Equally important is how the person views the stressful situation. Each individual responds to situations differently. Situations at work that seem overwhelming and highly stressful to one person may provide exactly the challenge another staff person may be seeking.
|Proactive Approach to Stress Management|
Stress in inherent in CPS work. Thus, supervisors need to recognize how they respond to the stressors and know techniques for stress reduction. It also is important to take a proactive approach to stress management and to engage in activities to prevent its build up. Such techniques include:
By demonstrating and encouraging a proactive approach to stress management, supervisors can serve as a role model for staff in learning how to take better care of themselves physically and psychologically.
Whenever one takes on a new job, there is a learning curve. Most new supervisors feel overwhelmed by the amount of work they face and wonder how they are going to get everything accomplished in an 8- or even a 10-hour day. Over time, new supervisors find ways to work more efficiently or at least guard their time more carefully to minimize waste.
There are many activities that supervisors cannot control, such as agency meetings and crises. However, it is important to use organizational skills to exercise some control over other activities. Some tips for increasing productivity through better time management include:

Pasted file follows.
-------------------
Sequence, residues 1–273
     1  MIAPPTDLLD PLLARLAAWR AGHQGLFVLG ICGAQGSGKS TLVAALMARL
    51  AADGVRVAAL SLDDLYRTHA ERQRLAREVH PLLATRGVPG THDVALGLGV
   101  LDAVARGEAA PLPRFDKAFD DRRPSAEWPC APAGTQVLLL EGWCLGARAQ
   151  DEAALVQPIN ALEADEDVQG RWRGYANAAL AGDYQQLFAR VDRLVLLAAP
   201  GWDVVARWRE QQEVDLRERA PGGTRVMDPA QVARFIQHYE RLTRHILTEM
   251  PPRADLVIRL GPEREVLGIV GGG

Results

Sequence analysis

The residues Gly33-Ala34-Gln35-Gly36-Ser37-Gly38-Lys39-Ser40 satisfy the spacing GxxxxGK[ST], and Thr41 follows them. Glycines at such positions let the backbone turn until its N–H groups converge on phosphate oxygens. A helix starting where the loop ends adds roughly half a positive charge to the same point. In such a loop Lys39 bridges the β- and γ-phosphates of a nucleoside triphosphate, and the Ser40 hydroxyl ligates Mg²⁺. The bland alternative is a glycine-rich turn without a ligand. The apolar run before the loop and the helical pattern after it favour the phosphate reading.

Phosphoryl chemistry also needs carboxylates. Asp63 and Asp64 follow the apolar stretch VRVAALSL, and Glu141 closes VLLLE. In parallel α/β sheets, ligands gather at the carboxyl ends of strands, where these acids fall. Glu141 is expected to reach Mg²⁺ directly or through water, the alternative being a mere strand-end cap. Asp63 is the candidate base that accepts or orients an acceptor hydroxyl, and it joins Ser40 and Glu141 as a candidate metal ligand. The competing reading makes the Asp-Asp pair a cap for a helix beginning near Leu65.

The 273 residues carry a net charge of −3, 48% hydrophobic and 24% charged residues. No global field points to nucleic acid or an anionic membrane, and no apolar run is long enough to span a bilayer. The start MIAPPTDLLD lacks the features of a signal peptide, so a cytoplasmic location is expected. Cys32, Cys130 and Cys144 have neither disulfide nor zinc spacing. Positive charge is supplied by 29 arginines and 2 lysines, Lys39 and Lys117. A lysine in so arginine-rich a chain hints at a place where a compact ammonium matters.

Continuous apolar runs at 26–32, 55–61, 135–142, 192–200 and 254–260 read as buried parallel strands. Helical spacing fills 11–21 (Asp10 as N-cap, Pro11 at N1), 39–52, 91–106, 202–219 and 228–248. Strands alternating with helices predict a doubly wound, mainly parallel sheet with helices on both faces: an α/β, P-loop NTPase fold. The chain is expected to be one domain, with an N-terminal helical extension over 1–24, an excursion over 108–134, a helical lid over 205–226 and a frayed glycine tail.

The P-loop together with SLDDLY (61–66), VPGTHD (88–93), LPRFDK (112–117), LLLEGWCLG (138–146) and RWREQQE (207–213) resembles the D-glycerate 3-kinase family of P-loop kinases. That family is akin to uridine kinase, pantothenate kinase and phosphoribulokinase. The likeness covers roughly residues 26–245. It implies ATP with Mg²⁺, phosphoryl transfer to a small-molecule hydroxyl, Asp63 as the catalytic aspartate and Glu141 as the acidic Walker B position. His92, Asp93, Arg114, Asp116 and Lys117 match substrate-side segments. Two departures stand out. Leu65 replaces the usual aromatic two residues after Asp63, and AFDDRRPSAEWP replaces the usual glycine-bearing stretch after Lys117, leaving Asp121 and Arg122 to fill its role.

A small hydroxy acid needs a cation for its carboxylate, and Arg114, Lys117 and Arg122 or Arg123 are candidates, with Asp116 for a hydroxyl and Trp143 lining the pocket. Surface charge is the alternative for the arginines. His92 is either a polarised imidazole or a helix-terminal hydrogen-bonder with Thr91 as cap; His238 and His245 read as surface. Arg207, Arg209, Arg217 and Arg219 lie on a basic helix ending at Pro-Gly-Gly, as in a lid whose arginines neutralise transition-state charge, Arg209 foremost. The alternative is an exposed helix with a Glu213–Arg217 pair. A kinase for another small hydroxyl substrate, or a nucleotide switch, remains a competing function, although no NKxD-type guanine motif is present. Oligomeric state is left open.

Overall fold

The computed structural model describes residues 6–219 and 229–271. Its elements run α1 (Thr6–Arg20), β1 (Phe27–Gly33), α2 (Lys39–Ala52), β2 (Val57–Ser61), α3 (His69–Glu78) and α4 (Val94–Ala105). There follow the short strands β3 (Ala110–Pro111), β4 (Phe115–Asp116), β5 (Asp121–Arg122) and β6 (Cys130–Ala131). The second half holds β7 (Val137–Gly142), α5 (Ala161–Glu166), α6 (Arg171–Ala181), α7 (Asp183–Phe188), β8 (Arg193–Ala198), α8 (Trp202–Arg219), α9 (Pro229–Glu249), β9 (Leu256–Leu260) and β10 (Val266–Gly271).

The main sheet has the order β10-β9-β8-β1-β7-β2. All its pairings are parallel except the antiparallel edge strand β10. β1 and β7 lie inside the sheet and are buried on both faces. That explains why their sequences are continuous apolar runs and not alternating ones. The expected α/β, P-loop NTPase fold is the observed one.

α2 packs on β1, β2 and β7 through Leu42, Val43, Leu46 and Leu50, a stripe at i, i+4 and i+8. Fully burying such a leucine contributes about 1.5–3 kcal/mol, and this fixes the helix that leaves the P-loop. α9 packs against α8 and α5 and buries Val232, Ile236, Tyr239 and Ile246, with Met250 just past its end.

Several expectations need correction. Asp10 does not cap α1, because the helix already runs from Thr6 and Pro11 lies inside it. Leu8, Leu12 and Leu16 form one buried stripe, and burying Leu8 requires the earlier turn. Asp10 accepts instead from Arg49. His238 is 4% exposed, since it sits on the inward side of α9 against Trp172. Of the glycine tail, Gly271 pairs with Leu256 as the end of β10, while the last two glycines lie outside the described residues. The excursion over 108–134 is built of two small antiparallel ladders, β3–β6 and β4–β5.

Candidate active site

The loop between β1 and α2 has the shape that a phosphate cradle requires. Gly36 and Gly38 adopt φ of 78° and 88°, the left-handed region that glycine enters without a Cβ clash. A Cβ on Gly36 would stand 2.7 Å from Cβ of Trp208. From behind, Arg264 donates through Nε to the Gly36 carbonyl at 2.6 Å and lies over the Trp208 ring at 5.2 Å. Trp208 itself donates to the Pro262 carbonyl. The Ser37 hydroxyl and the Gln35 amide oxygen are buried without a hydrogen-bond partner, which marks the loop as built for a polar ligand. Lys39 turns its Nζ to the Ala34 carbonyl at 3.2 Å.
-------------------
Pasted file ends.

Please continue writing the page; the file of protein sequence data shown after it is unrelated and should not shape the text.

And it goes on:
- Use time efficiently while remaining flexible. Try to not let circumstances control how time is spent.
- Organize time to work steadily toward a goal or project.
- Set priorities on a daily basis.
- Avoid "anticipatory dread." Supervisors sometimes think ahead to activities or tasks that they do not like and dwell on the negative feelings. The feelings associated with this task can lead to distortion and can blow it out of proportion.
- Organize when in charge of a meeting (e.g., have an agenda with staff input, keep on time, and remain on task).
- Group similar tasks together.
- Find the best way to complete a task in the least amount of time.
- Identify and eliminate time-wasting activities.79
CPS intervention is an inherently stressful situation for everyone—children, families, and caseworkers. As one of the most crucial positions in CPS, the supervisor's job can be very demanding. It can also be equally rewarding. A skilled supervisor is able to guide and to mentor caseworkers to reach their potential. This, in turn, will help children and families by ensuring that CPS interventions and services are conducted by technically proficient, caring, and culturally competent caseworkers. By providing direction, leadership, and creating a supportive work atmosphere, a good supervisor significantly contributes to achieving the outcomes of safety, permanency, and well-being for all children and families.